Biden joins TikTok ahead of 2024 election

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The move comes after fierce US government criticism of the video-sharing platform in recent years, most notably from Republicans but also from the Biden administration

BSS/AFP

12 February, 2024, 11:50 am

Last modified: 12 February, 2024, 11:54 am

U.S. President Joe Biden turns 81 on Monday, a milestone likely to draw attention to his status as the oldest person to ever occupy the Oval Office, with opinion polls showing Americans worried he is too old for the post he is seeking reelection to. Photo: AFP

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U.S. President Joe Biden turns 81 on Monday, a milestone likely to draw attention to his status as the oldest person to ever occupy the Oval Office, with opinion polls showing Americans worried he is too old for the post he is seeking reelection to. Photo: AFP

US President Joe Biden belatedly joined TikTok on Sunday, marking his debut on the social media platform with a 26-second video.

The move comes after fierce US government criticism of the video-sharing platform in recent years, most notably from Republicans but also from the Biden administration.

TikTok is owned by Chinese firm ByteDance and has been accused by a wide swath of US politicians of being a propaganda tool used by Beijing, something the company furiously denies.

In Sunday’s video posted on the @bidenhq campaign account, the 81-year-old Democratic president touches light-heartedly on topics ranging from politics to the NFL championship game.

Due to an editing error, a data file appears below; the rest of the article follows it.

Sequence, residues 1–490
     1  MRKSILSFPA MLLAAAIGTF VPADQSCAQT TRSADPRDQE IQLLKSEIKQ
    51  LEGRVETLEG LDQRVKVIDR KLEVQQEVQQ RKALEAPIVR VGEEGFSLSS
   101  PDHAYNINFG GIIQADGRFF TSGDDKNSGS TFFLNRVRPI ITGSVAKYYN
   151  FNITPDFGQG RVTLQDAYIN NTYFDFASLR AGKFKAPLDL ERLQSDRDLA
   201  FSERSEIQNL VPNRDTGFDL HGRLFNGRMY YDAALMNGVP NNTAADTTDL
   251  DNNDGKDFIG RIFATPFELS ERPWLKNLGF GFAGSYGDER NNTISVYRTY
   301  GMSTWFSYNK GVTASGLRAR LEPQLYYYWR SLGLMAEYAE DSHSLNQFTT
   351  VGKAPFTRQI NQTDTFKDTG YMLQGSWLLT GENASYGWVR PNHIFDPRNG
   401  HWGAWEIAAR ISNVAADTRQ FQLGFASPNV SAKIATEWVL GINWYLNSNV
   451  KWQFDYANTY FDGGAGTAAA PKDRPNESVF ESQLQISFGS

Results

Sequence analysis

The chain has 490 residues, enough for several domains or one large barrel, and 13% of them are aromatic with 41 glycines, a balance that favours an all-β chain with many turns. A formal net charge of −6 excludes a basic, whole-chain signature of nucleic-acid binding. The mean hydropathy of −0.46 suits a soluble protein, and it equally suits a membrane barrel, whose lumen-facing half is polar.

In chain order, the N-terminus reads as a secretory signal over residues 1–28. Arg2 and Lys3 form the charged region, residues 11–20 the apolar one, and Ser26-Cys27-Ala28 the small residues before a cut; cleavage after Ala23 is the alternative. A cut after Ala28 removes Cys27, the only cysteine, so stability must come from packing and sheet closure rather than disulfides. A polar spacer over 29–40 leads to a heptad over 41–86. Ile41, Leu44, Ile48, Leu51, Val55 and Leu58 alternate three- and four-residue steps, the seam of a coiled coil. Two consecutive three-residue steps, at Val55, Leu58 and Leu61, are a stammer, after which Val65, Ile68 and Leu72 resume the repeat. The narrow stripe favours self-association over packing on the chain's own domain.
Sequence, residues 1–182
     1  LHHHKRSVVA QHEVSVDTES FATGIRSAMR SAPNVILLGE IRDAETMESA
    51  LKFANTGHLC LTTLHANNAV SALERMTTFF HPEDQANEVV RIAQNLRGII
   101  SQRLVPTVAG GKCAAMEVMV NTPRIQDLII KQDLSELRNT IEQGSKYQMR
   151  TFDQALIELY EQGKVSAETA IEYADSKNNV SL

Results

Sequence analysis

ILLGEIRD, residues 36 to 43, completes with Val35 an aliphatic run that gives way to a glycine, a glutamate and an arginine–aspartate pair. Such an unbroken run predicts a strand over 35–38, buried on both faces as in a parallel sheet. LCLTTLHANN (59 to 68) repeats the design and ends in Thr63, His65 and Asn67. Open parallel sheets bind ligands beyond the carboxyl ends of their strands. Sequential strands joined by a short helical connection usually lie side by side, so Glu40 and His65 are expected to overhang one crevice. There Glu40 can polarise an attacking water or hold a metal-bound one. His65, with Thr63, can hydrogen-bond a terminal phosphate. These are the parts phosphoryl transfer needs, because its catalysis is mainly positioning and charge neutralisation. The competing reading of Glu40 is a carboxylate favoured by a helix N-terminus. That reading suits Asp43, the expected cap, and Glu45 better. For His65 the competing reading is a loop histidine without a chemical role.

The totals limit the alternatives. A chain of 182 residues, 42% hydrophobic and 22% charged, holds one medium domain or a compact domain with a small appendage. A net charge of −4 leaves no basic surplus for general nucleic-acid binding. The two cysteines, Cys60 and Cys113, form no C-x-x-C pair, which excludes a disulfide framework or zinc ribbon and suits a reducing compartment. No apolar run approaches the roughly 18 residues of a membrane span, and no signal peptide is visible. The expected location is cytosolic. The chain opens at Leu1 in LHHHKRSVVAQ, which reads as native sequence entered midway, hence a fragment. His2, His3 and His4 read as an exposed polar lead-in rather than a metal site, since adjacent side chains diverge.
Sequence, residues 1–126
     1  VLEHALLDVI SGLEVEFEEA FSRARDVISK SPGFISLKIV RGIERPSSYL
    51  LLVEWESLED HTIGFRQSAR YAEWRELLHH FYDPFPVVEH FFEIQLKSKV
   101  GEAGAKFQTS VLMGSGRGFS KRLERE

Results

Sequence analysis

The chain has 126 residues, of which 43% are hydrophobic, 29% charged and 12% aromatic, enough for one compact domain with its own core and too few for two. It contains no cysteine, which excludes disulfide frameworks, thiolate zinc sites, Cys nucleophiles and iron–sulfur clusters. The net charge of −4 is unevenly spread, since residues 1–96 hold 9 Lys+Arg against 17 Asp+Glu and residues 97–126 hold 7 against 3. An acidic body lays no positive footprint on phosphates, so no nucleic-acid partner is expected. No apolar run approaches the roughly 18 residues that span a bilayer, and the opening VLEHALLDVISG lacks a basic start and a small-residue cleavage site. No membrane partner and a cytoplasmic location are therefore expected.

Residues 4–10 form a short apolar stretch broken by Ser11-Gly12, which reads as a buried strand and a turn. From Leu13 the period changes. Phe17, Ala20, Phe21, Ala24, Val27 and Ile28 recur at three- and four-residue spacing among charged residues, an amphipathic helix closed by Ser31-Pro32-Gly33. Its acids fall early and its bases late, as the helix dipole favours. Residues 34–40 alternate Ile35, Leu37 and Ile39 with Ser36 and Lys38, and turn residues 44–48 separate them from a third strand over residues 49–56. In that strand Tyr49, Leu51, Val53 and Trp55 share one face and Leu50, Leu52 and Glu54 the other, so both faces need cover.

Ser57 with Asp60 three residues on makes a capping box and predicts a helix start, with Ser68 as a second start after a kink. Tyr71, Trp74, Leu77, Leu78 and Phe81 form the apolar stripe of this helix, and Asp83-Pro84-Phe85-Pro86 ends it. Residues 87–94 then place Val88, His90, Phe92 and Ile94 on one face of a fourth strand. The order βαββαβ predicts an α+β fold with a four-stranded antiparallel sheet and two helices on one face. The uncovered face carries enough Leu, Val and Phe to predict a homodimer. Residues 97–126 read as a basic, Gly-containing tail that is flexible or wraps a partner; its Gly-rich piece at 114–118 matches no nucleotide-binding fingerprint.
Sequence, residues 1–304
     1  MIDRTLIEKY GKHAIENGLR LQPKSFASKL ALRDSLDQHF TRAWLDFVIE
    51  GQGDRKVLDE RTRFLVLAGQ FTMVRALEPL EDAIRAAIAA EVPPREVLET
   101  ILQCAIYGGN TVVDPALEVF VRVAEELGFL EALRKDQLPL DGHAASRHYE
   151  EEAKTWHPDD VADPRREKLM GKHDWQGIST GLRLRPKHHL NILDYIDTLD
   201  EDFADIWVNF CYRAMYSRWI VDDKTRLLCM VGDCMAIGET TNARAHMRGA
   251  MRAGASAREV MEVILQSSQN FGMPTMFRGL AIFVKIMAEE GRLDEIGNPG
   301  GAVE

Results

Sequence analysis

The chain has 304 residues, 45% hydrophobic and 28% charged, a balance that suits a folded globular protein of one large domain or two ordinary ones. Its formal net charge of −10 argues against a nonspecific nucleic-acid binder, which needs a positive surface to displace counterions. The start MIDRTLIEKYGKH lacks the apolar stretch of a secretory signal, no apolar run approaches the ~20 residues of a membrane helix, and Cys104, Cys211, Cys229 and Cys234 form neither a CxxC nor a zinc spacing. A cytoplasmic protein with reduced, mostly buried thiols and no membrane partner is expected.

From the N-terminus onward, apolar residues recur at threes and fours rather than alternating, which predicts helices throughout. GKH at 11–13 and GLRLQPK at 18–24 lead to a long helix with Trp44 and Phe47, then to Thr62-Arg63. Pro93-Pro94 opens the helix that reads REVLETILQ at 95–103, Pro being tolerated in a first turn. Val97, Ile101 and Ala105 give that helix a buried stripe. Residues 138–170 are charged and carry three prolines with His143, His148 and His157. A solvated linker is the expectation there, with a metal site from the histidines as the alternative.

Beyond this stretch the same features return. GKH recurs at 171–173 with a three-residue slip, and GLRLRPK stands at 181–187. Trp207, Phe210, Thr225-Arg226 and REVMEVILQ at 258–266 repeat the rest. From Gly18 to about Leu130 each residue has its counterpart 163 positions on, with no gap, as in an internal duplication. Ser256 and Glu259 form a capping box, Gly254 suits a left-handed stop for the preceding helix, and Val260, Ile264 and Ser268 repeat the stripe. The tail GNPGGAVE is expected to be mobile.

Asked his preference between the Super Bowl or its famed half-time show, this year headlined by singer Usher, he picks watching the actual game itself.

Queried if there’s a secret plot to rig the game so that pop star Taylor Swift — who is dating Kansas City Chiefs star Travis Kelce — could use her fame to endorse Biden, the president jokingly leans into the unfounded right-wing conspiracy theory.

“I’d get in trouble if I told you,” he says.

Citing security concerns, a slew of individual states and the federal government have banned the app on official government devices.

In Montana, a state government move to completely ban the app was recently blocked by a judge.

While the platform remains scrutinized by Washington, further federal action to ban or curtail use of the app appears to no longer be in motion.

“It seems now like the idea of a ban was being pushed more so to make political points and less as a serious effort to legislate,” David Greene, a civil liberties attorney, recently told British newspaper The Guardian.

As the election approaches, the platform provides a conduit to young voters.

Sunday’s video ends with the president being asked who he prefers: himself or Republican frontrunner Donald Trump.

“Are you kidding?” he laughs. “Biden.”

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